gms | German Medical Science

48th Meeting of the Particle Therapy Co-Operative Group

Particle Therapy Co-Operative Group (PTCOG)

28.09. - 03.10.2009, Heidelberg

In vitro evaluation of glioma cell migration after photon and carbon ion radiation therapy

Meeting Abstract

  • S. Rieken - Strahlentherapie und Radioonkologie, Univ.-Klinikum Heidelberg, Heidelberg
  • A. Mohr - Strahlentherapie und Radioonkologie, Univ.-Klinikum Heidelberg, Heidelberg
  • L. Orschiedt - Strahlentherapie und Radioonkologie, Univ.-Klinikum Heidelberg, Heidelberg
  • S. Brons - Heidelberger Ionenstrahl-Therapie (HIT), Heidelberg
  • O. Nairz - Heidelberger Ionenstrahl-Therapie (HIT), Heidelberg
  • M. Winter - Heidelberger Ionenstrahl-Therapie (HIT), Heidelberg
  • T. Haberer - Heidelberger Ionenstrahl-Therapie (HIT), Heidelberg
  • L. Zipp - Strahlentherapie und Radioonkologie, Univ.-Klinikum Heidelberg, Heidelberg
  • J. Debus - Strahlentherapie und Radioonkologie, Univ.-Klinikum Heidelberg, Heidelberg
  • S. Combs - Strahlentherapie und Radioonkologie, Univ.-Klinikum Heidelberg, Heidelberg

PTCOG 48. Meeting of the Particle Therapy Co-Operative Group. Heidelberg, 28.09.-03.10.2009. Düsseldorf: German Medical Science GMS Publishing House; 2009. Doc09ptcog163

doi: 10.3205/09ptcog163, urn:nbn:de:0183-09ptcog1630

Veröffentlicht: 24. September 2009

© 2009 Rieken et al.
Dieser Artikel ist ein Open Access-Artikel und steht unter den Creative Commons Lizenzbedingungen ( Er darf vervielfältigt, verbreitet und öffentlich zugänglich gemacht werden, vorausgesetzt dass Autor und Quelle genannt werden.



Background: Deep and fast tumor infiltration greatly impairs local control of malignant gliomas, resulting in low cure rates and dismal prognosis. Tumor-associated disturbance of the blood brain barrier facilitates the entry of blood-borne promigratory ligands such as chemokines and phospholipids into the brain tissue. Several authors have shown these ligands to enhance glioma cell motility. Relapses preferentially occur at the leaky tumor margin.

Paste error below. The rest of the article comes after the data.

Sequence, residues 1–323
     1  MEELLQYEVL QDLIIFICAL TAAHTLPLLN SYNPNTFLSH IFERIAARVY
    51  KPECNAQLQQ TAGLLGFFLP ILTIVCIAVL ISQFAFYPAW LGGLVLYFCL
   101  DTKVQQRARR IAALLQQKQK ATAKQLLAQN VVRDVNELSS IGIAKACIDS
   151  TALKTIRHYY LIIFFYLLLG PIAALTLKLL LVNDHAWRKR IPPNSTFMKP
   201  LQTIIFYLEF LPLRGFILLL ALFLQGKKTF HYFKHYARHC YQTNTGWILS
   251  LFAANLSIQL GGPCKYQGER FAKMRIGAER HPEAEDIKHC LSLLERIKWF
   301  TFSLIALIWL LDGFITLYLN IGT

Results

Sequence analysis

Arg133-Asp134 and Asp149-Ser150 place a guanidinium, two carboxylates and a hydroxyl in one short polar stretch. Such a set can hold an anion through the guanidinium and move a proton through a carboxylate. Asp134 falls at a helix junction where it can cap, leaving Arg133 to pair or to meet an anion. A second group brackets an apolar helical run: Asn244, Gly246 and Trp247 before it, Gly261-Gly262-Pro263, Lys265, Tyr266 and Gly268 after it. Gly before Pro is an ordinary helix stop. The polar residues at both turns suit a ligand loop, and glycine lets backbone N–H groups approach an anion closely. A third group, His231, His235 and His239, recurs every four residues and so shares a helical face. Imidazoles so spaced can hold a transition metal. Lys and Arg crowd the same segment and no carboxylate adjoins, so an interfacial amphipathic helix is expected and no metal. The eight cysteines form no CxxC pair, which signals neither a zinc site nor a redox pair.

Recently, sublethal photon doses were described to enhance tumor cell migration, therefore, possibly promoting tumor cell infiltration into the adjacent healthy brain. With the exposition of tumor cells to promigratory stimuli in the tumor periphery, a radiogenic increase of glioma cell motility would additionally enhance the risk for local infiltration. Opposed to photon irradiation, carbon ion irradiation was shown to effectively inhibit tumor cell migration even at low doses.

We analysed adhesion and migration in U87 glioma cells attracted by serum gradients and subjected to both photon and carbon ion irradiation.

Material and methods: U87 glioma cells were irradiated with single photon doses of 2, 5, 7, and 10 Gy using 6MV photons at a linear acceleator. Particle radiotherapy was applied with an extended Bragg peak (E=(128±7) MeV/u, LET=(91.5±1.5) keV/μm) at single carbon ion doses of 0.125, 0.5, 2, and 3 Gy at the Heidelberg Ion Therapy Center (HIT). Irradiation was performed 24 hours before initiation of standard microchemotaxis experiments. The chambers were separated by 8 µm pore size polycarbonate membranes coated with collagen IV. Fetal calf serum was used in the lower chamber to attract cells from the upper chamber. After 5 hours of migration, the membranes were stained and analysed microscopically by an investigator blinded to experimental setup.

Results: Photon doses of 2 Gy significantly increased collagen-IV-based glioma cell motilily, but not migration towards a serum gradient. Photon doses of 10 Gy could effectively inhibit both unstimulated tumor cell motility and migration towards serum. Carbon ion irradiation significantly reduced migration of glioma cells both with and without serum exposition. Quantitative analysis of inhibitory effects identified carbon ion irradiation to be equally effective at doses of one third compared to photon irradiation corresponding to a Relative Biological Effectiveness (RBE) of about 3 for U87 glioma cells as shown in our previous experiments (Combs, et al., 2008).

Conclusion: Glioma cell exposition towards serum induces gradient-associated migration and can be inhibited by both photon and carbon ion irradiation in a dose-dependent manner. Unstimulated cell motility is enhanced by low photon doses of 2 Gy, whereas carbon ion doses between 0.125 and 0.5 Gy show no influence on cell migration. Carbon ion single doses of 2 and 3 Gy significantly impair serum-guided tumor cell migration comparable to photon doses of 5 and 7 Gy, respectively.

Initial carbon ion irradiation of the tumor periphery may, therefore, be effective to prevent tumor cell infiltration in areas with promigratory environment.